The “Estates General” of Justice

The President of the French Republic reacted by convening the “Estates General” of Justice in late 2021, with a view to “close the gap between the judicial system and the people in whose name it operates.[2] ” A citizen consultation explored the place of justice and how it operates, feeding into a committee chaired by Jean-Marc Sauvé, which that translated these inputs into takeaways and recommendations. The ambition was to analyze the state of the material conditions of the judicial system and examine the sense of disconnect between citizens and the institution, stemming from the observation that there was a lack of understanding of the expectations of litigants.

“We no longer want a justice system that doesn’t listen and that times everything.”

The launch of the Estates General of Justice coincided with the shockwave caused by an opinion piece published in Le Monde in November 2021. Signed by 3,000 magistrates, it condemned the prevailing “managerial” approach to justice and the ever-widening gap between the desire to deliver quality justice and the reality of the court system. Its authors spoke up against the pressure to act quickly and focus on numbers, describing a judicial system that has become “abusive” for both litigants and the judicial staff due to the little time left for analysis and decision-making after unbearable delays—this dissonance contributing to a “loss of meaning” and “distress” among many magistrates, both young and experienced.

Justice’s Changing Role in Society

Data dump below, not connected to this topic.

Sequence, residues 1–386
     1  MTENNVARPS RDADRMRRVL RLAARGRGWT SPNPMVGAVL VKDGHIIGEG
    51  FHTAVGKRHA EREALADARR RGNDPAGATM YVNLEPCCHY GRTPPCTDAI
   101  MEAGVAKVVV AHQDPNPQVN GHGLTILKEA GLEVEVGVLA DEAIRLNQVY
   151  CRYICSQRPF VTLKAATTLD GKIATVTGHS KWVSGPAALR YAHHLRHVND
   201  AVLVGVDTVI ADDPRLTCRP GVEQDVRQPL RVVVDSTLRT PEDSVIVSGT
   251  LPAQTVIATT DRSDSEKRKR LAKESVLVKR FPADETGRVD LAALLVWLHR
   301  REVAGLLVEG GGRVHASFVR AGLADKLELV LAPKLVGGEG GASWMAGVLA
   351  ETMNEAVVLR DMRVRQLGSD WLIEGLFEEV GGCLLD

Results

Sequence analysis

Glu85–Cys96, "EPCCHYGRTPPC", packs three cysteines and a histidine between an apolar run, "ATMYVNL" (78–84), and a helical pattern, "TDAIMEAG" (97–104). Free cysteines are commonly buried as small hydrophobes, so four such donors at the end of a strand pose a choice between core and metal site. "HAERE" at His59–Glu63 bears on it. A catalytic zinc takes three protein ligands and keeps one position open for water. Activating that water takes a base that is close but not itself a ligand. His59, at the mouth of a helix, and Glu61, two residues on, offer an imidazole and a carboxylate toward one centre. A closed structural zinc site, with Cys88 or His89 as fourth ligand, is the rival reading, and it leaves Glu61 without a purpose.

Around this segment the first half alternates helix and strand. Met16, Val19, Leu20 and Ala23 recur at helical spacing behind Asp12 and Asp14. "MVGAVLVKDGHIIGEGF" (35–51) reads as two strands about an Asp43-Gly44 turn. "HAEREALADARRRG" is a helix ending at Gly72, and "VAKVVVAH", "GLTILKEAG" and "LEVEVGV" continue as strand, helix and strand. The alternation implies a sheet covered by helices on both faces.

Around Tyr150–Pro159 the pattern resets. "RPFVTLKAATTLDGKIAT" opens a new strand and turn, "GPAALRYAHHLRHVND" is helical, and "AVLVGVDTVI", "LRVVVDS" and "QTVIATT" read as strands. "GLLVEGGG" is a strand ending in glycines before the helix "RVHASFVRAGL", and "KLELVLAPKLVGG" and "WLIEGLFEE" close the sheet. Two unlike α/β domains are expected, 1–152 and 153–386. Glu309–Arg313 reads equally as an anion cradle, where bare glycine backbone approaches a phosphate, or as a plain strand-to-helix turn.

Beyond the tensions regarding its human and material resources, the place and role of justice in society are influenced by underlying global developments, including the judicialization of social relationships, the general shift towards digitalization, and the now-universal awareness of the ecological crisis, which increases public expectations concerning environmental justice. Justice is becoming more horizontal, which in turn is leading to an increasing emphasis on negotiated procedures. Justice is also becoming more collective, with the emergence of class actions, as well as more inclusive, with a shift towards giving more attention and recognition to new voices and victims. There is a trend towards “restorative” justice, bringing into existence a space for dialogue between victims and perpetrators through the trial. The extreme case of terrorist trials highlights the broader emergence of a focus on reparations, where the goal is not only to punish the guilty but also to create a space for listening and empowering victims to speak up, with a formative role in establishing collective memory and repair social cohesion.